Infinite square root
Date: 6/4/96 at 13:29:14 From: Anonymous Subject: Infinite square root I know this is an easy question, but I do not know how to figure it out. For instance, if y = sqrt(2+ sqrt(2+ sqrt(2+ sqrt(2+ ..., y = 2, and this happens always, because if k = e+ sqrt(e+ sqrt(e+ ..., and it goes indefinitely, k = e. However, how can I prove that this is true, using normal properties of roots?
Date: 6/4/96 at 16:14:46 From: Doctor Darrin Subject: Re: Infinite square root If we think about the properties that y has to have, we can find its value. What do we get if we square y? We get 2+sqrt(2+sqrt(2+..., so we see that y^2-2=sqrt(2+sqrt(2+sqrt(2+... . Thus, y^2-2=y, so y is a root of the quadratic equation y^2-y-2==0. You can work out what the roots of this equation are, and this gives two possible values of y (one is positive and one is negative). Since y is defined as a square root, it makes sense to take the positive value. I am not sure what you mean when you say that "this happens always". In the definition you give for y, if we replace 2 by another number (say n), we can use essentially the same procedure to find what y is, but in general, y does not equal n. When n=3, y=2.302..., (the positive root of y^2-y-3=0) and when n=4, y=2.56... The definition you give for k is different, and in fact k does not equal e in general. For e=3, k=5.302... In fact, there is no value of e (except e=0) for which k=e. Thanks for asking the question, it is very interesting -Doctor Darrin, The Math Forum Check out our web site! http://mathforum.org/dr.math/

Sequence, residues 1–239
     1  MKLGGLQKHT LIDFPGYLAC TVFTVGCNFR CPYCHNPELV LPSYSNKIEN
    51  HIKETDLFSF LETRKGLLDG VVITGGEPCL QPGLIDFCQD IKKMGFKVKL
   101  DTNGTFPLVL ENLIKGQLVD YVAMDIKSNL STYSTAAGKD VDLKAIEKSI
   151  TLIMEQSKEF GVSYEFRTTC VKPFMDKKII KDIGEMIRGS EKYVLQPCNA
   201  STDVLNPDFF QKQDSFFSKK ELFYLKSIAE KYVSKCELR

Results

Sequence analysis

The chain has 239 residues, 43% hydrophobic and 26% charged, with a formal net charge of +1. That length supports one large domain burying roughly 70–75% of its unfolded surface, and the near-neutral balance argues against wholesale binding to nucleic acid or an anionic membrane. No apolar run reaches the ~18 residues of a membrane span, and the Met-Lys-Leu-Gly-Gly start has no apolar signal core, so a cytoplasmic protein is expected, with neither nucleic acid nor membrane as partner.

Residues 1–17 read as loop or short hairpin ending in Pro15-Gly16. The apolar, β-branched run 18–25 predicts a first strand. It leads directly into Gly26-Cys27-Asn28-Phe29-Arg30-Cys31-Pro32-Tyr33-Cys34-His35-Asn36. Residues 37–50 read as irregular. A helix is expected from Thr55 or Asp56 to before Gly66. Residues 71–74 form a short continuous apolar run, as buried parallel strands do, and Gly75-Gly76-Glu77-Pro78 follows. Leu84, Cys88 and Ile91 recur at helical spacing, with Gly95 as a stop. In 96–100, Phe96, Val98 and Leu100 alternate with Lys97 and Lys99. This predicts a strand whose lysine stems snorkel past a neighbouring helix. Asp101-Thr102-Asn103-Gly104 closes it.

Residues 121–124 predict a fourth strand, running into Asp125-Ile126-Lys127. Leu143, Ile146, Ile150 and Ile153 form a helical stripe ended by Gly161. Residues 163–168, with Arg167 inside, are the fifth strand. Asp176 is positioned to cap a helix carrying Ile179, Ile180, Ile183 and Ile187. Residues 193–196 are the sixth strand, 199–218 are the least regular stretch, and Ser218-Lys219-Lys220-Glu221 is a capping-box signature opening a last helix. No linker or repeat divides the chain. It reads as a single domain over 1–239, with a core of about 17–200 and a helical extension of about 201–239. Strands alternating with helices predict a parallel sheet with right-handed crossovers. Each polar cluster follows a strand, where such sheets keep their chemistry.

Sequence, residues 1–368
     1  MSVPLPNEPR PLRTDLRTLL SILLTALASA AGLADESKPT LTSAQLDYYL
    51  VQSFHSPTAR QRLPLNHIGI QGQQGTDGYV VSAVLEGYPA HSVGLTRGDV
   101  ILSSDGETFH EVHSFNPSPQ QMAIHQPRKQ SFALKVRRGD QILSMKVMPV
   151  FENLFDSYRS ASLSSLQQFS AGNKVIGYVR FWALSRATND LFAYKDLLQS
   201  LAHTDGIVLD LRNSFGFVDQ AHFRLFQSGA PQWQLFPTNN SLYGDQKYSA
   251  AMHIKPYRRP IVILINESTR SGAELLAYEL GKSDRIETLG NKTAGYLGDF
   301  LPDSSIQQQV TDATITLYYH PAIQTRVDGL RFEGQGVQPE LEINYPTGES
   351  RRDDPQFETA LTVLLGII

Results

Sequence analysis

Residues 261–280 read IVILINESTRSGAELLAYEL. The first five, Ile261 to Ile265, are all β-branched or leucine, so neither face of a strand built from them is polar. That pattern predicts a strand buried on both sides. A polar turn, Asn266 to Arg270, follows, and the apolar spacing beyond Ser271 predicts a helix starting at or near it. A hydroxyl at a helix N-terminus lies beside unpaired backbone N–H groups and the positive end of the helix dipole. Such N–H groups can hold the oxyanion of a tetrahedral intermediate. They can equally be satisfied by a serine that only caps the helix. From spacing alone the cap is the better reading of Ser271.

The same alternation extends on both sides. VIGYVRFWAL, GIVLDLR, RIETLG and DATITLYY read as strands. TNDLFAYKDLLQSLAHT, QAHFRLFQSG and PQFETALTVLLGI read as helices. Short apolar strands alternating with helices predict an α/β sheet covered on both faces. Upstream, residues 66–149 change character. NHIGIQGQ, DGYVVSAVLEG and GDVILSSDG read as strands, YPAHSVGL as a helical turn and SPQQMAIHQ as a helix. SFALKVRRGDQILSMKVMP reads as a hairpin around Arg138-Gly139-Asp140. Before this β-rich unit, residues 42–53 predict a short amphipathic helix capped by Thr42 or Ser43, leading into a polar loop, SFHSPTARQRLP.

Search the Dr. Math Library:
Ask Dr. MathTM
© 1994- The Math Forum at NCTM. All rights reserved.